More positive economic news: Wages grow 3.1 percent in third quarter; NFIB reports demand for employees outstrips supply

The Labor Department reports a good bump in wages and salaries in the third quarter. From the CNBC story:

Wages and salaries rose 0.9 percent, well ahead of expectations for 0.5 percent. Benefit costs were up 0.4 percent.

On a yearly basis, wages and salaries jumped 3.1 percent, the biggest increase in 10 years.

As has often been commented upon, improvements in wage and salary compensation have been slow in recent years, despite the strong growth in the economy. With unemployment at its lowest rate since 1969, the overdue catchup may finally be taking place.

“The employment cost index data adds to the broader evidence that wage growth has continued to trend gradually higher over recent quarters,” Michael Pearce, senior U.S. economist at Capital Economics, said in a note. “And with labor market conditions still tightening, we expect wage growth will accelerate further from here.”

Appearing to confirm the trend, NFIB reports small businesses demand for labor continues to grow.

A seasonally adjusted 16 percent of small business owners reported increasing employment an average of 3.3 workers per firm and 11 percent reported reducing employment an average of 2.9 workers per firm, according to NFIB’s monthly jobs report, released today. Job creation remained solid in October for small businesses at a net addition of 0.15 workers per firm…

A seasonally-adjusted net 22 percent of owners plan to create new jobs, four points below August’s record high but still exceptionally strong historically. Twenty-two percent plan to increase total employment at their firm, and six percent plan reductions.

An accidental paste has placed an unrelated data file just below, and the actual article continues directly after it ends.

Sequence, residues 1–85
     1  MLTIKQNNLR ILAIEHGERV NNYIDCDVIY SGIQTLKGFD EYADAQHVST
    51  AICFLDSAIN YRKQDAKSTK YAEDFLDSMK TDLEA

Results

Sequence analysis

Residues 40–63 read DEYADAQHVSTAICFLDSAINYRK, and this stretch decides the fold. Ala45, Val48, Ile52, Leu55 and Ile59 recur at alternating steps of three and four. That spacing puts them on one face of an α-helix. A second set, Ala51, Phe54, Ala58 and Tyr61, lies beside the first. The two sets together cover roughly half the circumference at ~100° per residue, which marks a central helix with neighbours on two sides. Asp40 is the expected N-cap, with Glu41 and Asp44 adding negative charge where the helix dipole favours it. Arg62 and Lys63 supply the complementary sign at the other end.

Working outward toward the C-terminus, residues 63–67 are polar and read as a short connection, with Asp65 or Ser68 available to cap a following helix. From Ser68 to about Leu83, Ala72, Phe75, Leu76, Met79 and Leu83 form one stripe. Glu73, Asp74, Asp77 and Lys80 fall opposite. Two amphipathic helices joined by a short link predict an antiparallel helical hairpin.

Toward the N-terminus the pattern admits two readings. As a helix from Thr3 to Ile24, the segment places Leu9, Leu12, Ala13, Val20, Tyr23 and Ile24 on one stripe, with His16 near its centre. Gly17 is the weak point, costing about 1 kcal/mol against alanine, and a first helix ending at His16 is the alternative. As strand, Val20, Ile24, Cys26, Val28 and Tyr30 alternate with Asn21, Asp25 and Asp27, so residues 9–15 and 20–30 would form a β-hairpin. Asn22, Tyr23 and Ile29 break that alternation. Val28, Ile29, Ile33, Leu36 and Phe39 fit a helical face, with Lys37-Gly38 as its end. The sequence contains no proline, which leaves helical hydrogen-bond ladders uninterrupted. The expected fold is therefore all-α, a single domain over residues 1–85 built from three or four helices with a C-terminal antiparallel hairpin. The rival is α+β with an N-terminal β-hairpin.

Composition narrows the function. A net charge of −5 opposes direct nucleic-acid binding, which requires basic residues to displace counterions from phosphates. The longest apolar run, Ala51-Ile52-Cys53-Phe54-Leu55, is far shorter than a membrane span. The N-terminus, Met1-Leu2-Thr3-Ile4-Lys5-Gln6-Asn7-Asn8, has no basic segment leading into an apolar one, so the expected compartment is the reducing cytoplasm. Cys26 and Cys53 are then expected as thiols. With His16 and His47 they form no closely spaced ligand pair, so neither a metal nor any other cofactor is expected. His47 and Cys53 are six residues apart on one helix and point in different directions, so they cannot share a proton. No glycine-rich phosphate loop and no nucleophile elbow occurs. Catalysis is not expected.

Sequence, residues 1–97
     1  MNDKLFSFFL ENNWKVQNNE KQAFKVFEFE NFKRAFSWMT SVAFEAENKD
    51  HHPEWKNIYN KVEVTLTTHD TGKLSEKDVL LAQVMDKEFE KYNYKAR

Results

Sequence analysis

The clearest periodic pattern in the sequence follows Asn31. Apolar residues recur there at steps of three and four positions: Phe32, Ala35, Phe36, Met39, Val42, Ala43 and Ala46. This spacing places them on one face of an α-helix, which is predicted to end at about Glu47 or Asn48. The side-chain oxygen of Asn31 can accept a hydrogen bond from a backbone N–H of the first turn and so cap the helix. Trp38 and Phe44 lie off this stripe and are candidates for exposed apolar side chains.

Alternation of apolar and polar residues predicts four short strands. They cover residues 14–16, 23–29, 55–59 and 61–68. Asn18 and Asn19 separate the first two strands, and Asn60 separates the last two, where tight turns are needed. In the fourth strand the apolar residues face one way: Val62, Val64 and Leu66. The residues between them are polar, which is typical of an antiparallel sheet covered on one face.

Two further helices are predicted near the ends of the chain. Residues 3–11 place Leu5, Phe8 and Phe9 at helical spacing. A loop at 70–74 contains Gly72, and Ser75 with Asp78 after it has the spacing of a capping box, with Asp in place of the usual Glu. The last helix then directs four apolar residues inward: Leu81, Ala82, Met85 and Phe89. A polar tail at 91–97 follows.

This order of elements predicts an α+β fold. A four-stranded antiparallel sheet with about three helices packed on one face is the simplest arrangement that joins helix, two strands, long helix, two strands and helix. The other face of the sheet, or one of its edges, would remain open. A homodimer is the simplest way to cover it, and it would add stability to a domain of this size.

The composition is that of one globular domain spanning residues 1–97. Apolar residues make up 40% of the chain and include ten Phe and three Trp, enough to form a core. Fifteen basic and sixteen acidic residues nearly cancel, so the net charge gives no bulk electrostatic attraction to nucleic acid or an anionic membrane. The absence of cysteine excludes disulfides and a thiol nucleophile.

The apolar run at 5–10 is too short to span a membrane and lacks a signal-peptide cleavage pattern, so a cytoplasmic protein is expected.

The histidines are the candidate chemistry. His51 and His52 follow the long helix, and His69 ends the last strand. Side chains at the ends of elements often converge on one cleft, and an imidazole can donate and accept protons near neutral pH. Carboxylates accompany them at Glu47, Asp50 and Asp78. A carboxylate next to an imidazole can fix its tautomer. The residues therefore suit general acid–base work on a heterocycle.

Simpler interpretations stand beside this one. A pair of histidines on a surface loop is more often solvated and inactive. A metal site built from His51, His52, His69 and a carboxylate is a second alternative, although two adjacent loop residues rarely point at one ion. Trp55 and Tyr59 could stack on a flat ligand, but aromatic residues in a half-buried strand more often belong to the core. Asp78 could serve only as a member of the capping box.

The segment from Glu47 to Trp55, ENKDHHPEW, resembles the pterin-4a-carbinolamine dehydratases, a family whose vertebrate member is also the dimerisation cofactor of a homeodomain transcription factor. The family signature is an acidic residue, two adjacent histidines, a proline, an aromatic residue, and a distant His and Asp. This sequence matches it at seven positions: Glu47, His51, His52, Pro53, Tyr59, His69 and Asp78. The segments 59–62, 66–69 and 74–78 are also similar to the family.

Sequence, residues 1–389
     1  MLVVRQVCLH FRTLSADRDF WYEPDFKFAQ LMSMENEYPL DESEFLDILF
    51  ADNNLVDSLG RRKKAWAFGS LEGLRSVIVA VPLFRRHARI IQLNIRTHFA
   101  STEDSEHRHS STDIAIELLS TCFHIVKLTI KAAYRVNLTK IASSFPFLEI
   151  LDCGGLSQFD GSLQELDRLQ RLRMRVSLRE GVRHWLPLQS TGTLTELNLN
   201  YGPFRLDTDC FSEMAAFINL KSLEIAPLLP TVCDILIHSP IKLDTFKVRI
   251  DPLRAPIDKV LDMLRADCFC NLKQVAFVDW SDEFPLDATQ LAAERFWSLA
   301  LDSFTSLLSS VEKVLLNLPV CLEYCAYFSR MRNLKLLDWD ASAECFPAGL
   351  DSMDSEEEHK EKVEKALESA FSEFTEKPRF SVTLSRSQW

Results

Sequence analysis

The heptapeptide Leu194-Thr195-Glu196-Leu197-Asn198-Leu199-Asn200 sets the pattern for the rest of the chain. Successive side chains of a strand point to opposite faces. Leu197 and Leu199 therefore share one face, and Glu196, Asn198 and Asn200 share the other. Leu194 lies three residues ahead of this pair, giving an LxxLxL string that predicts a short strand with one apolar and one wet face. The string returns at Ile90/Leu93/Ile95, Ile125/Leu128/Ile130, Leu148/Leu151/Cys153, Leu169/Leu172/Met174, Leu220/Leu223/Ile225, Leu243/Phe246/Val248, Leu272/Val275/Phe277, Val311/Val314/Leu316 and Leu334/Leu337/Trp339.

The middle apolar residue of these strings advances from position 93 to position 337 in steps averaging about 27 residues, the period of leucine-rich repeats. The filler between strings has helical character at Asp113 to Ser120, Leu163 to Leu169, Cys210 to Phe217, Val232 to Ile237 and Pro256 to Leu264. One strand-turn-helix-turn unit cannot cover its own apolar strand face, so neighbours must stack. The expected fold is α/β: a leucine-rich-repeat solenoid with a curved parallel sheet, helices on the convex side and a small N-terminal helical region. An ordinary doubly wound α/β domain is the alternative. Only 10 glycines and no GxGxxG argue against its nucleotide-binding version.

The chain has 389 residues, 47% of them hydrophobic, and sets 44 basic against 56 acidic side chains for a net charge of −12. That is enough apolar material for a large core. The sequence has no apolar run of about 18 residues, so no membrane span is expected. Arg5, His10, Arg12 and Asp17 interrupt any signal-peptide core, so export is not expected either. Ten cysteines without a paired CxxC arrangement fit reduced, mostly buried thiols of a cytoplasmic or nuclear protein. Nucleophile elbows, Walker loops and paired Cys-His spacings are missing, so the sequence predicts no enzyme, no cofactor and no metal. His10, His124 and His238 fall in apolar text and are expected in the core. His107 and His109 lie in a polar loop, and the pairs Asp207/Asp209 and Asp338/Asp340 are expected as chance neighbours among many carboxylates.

However, 38 percent of all owners reported job openings they could not fill in the current period, equal to September’s record high. Sixty percent of owners reported hiring or trying to hire with 88 percent of them reporting few or no qualified applicants for the positions they were trying to fill.

In addition to slow wage growth, the recent economic expansion has been associated with relatively low gains in productivity. And, again, there are signs that may be changing, if haltingly. The Associated Press reports,

U.S. productivity grew at an annual rate of 2.2 percent in the third quarter, a slowdown from the previous quarter but still better than the lackluster gains of the last decade…

The rise in productivity in the July-September period followed a 3 percent rate of increase in the second quarter, which had been the strongest figure in three years…Productivity, the amount of output per hour of work, has been weak throughout the current recovery that began in June 2009.

Taken together, the growth in compensation and productivity plus the heightened demand for qualified workers underscore an unprecedented expansion of economic opportunity. As we’ve reported before, citing the work of the Washington Roundtable, Association of Washington Business, and Washington Research Council, to capitalize on these opportunities workers will need training and education beyond a high school diploma. That can include apprenticeships, professional and trade certifications, college coursework or four-year degrees. But, in the words of the Roundtable, “the credential is essential.” It’s been a long time since the employment marketplace looked this good.